For The Shadows, fronted by Hank B. Marvin, the chart-entry of Apache in July 1960 marked the beginning of an illustrious career as the UK’s first supergroup.
The distinctive sound and style of their lead guitarist were already familiar to the record-buying public from his virtuoso playing on a whole string of Cliff Richard releases in single, EP and LP format, most notably from the three Number One singles Living Doll, Travellin’ Light and Please Don’t Tease. Equally significant in terms of critical acclaim and influence was the release in October 1960 of "Me And My Shadows", which was justly termed "one of the greatest British pop albums". And British it certainly was, as most of the songs were penned in-house, by Marvin, Welch and close associates. The band was in red-hot form throughout; in particular, Hank’s Fender Stratocaster provided a dazzling accompaniment that was to excite the admiration of numerous other lead guitarists in groups imitating The Shadows. "Shadowmania" spread like wildfire to nearly every major continent, and it has never gone away.
When The Beatles burst on to the scene in full force in the opening months of 1963, the face of popular music was altered for good. Many of the so-called "established" artists went under very rapidly. Not so The Shadows, who continued to be in great demand both in their own right and in partnership with Cliff. Their fanbase was by now so broad that their singles still made the charts: unfashionable as instrumental music was becoming, a vocal A-side did not appear until 1965.
In 1968, for the eighth year running, The Shadows were voted top instrumental group by the New Musical Express. However, at the end of the year they officially disbanded. There had already been signs that Hank Marvin would embark on a solo career: his touching vocal "London’s Not Too Far" had served as an A-side to a Shadows’ B-side in January of that year.
There were three Marvin singles (one a B-side) in 1969 (including the beautifully crafted Sacha, a chart-topper in his future home, Australia, and a firm favourite today with many fans the world over): but the most significant release of the year was unquestionably the eponymous LP Hank Marvin (which made the Top Twenty). The critic who asserted that the album was "not far removed from The Shadows" cannot have been listening very attentively, if at all.
This brilliant set of instrumentals possessed a denser, more richly textured sound, enlived by a dynamic, supercharged orchestral accompaniment.
If Hank had accepted Roy Wood’s invitation in 1970 to join The Move, a radically new group which was to achieve widespread critical acclaim for its superb vocal harmonies would surely never have seen the light of day. As it was, John Farrar was drafted in from Australia to complete the trio Marvin Welch & Farrar. Yet another aspect of Hank’s talent was conspicuous here: the quality of the songwriting was nothing short of superb. This was not so surprising, given that his own compositions and co-compositions had played a decisive part in the success of both The Shadows and Cliff. (For The Shadows alone Hank was to have a hand in no fewer than 118 compositions all told, 22 of them vocals.)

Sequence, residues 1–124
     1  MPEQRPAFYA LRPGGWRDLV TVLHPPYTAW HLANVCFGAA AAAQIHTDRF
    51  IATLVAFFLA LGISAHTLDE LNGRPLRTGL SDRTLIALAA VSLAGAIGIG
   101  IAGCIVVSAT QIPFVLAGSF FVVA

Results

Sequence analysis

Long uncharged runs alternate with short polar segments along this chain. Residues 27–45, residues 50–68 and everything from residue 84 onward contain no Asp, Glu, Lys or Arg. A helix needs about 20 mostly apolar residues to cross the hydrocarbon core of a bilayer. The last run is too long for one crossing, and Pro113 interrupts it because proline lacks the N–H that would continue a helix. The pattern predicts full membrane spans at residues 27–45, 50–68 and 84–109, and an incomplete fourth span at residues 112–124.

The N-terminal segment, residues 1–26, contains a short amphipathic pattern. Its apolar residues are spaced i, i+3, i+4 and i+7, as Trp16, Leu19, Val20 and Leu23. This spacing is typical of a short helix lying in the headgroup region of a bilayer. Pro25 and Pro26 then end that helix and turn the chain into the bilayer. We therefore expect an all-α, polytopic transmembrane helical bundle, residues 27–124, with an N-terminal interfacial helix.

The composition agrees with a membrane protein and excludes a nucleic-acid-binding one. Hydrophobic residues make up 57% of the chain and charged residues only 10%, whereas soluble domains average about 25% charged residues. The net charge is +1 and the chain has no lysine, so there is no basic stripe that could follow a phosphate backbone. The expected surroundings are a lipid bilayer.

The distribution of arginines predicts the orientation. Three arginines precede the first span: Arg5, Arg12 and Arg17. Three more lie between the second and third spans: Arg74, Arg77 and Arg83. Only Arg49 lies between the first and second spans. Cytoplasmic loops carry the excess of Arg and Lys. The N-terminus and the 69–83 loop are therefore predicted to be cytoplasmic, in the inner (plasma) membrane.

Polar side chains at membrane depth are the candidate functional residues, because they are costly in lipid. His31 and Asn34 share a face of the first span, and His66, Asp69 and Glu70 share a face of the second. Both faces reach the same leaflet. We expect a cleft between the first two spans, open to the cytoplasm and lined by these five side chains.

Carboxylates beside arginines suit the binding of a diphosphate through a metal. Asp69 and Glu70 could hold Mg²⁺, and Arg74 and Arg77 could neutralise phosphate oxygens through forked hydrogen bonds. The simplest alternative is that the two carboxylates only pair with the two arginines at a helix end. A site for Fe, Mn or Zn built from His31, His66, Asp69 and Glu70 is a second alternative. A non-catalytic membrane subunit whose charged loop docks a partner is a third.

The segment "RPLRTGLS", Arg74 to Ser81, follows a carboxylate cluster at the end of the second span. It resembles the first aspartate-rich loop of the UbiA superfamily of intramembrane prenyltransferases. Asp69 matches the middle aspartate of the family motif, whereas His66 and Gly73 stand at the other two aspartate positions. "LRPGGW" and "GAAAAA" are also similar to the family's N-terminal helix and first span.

In October 1974 The Shadows were invited to represent Britain in the Eurovision Song Contest. The eventual runner-up on 22 March 1975, Let Me Be The One, re-introduced the group to the singles charts after an eight-year absence.
But an even greater revival awaited them with the release of the LP "20 Golden Greats" in February 1977. Aided by an ingenious and sustained marketing campaign, it hit Number One, stayed there for six weeks, and sold over one million copies that year alone. Hot on the heels of this runaway success the group mounted a national tour, cleverly labelled "20 Golden Dates", to a rapturous reception. Hank himself must have looked back on 1977 with particular satisfaction. In August he was presented with a CBS Arbiter Award for services to the music industry, while in November he issued the album "The Hank Marvin Guitar Syndicate" in which he fronted a formidable array of session guitarists, among them Kevin Peek, Vic Flick and Alan Parker: here was a new and exciting "guitar orchestra" for the 70s. "I was very pleased with that album", Hank reflected. "It was aimed really at guitar players or people who are interested in guitar music."